(syn)aesthetics is an aesthetic potential within performance which embraces the sensory experience, in both the process and the means of production, insofar as it consists of a blending of disciplines and techniques to create an interdisciplinary, inter-textual and multi-sensational work, coupled with a sensorial mode of appreciation affected within the audience resulting from exposure to such work....

At its very essence (then), the physiological condition of synaesthesia is a disturbing procedure in terms of sensory impressions; of cognition and reaction, of memory and emotion. Such features are integral to a (syn)aesthetic performance style. As with the physiological condition, this disturbance can be difficult, unsettling, even alarming, and/or exhilarating and liberating. It requires a degree of interpretative, (re)cognition by the audience. It is a performance style which attempts to reawaken the spectator as a participant that reads, and responds in a complete manner to the performance. Following on from the discussion of the body as the modality for experiential appreciation, in terms of phenomenology[3] a (syn)aesthetic performance mode can deeply affect the way an individual perceives their immediate world and the way in which they perceive themselves in this world.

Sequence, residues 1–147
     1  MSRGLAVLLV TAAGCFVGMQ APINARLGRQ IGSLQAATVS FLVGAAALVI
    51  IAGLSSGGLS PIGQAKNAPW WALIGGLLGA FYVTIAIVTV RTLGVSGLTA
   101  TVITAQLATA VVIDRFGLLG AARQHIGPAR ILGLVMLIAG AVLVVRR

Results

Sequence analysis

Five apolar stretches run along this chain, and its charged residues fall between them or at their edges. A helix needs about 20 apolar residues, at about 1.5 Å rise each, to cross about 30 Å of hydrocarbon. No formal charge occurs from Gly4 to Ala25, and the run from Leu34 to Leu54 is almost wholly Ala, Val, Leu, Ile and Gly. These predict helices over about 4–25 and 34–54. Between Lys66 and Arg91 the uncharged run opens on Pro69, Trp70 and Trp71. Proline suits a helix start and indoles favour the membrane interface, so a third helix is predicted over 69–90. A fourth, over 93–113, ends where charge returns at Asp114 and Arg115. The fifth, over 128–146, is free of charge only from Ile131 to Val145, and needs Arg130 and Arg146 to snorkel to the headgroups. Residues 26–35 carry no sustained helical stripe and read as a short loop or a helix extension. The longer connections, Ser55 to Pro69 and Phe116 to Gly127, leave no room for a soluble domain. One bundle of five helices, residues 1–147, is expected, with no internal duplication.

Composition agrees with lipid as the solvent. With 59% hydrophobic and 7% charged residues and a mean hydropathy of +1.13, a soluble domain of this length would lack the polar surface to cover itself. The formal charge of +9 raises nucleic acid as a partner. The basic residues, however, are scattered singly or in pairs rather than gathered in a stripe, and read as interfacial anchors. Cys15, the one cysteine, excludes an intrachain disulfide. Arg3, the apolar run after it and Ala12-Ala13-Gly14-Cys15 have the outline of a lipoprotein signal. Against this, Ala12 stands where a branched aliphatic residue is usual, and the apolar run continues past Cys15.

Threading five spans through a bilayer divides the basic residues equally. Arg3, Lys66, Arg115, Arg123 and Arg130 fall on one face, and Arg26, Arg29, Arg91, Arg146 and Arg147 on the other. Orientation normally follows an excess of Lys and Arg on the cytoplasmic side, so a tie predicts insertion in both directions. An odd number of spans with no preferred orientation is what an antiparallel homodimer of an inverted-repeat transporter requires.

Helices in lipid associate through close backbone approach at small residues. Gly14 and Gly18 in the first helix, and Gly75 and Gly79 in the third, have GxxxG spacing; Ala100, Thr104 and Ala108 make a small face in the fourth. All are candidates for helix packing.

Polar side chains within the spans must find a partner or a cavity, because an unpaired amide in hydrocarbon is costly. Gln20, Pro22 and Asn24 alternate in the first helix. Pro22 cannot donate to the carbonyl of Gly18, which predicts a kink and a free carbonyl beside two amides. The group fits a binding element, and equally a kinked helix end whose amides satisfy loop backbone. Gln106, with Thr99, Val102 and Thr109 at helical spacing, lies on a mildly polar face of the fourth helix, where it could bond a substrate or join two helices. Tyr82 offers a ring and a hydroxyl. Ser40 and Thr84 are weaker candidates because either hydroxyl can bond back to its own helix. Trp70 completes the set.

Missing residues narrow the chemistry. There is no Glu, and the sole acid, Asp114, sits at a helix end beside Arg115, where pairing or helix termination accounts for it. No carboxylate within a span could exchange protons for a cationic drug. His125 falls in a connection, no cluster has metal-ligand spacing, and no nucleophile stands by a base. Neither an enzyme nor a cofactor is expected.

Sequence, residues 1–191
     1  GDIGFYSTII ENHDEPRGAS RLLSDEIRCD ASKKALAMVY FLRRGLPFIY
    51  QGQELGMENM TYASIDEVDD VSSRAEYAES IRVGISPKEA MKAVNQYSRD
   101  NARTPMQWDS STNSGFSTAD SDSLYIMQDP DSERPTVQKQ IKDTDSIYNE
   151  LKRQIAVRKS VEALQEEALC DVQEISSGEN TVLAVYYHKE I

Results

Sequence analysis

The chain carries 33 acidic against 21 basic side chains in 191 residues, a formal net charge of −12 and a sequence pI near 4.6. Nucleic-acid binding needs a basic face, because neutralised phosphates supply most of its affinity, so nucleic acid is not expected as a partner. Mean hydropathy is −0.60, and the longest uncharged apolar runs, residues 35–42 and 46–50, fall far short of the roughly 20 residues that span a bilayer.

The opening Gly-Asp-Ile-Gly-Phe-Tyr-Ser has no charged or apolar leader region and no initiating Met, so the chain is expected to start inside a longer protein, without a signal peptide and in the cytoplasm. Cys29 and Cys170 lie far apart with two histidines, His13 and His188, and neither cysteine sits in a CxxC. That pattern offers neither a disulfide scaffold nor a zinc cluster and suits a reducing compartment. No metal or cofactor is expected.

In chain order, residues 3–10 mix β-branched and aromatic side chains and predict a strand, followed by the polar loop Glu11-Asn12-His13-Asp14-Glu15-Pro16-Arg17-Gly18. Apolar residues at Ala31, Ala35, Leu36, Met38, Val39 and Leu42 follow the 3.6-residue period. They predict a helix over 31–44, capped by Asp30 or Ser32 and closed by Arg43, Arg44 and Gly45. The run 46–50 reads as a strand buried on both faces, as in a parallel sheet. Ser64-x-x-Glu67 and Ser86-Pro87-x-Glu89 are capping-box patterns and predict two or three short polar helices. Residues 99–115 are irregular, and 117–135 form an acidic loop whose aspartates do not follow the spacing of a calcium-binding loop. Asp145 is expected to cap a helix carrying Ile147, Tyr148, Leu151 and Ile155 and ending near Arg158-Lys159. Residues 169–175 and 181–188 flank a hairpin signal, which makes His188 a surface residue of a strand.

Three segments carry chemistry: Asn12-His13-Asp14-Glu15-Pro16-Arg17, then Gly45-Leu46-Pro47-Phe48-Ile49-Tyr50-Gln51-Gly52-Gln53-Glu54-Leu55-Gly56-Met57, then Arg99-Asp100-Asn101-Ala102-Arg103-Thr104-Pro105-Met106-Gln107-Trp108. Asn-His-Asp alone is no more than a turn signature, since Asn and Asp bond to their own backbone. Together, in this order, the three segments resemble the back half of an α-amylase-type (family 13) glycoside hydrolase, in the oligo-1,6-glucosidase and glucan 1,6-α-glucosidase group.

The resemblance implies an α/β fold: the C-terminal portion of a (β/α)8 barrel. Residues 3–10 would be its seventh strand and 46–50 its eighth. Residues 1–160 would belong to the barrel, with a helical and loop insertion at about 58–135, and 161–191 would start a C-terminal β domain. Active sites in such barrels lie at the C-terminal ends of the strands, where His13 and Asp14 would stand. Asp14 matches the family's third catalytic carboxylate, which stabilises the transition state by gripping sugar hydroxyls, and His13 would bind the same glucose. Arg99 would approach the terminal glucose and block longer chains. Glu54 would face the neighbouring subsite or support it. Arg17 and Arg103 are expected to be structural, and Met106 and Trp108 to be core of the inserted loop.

Jon Refsdahl Moe wrote in his review:

Questions such as whether Satan or Posh Spice best represent Icons of today are simply not raised. Instead we are served a long and acursedly detestable monologue, broken against four video cameras and phlegmatic surfing across FM bandwidths .....

Twice in his review he comments that the play is about him:

What makes it more detestable is that I also know that it it is about me.

This man has locked me in with him and thrown away the key. Now him and I shall interact. Help me out of here!

AND ...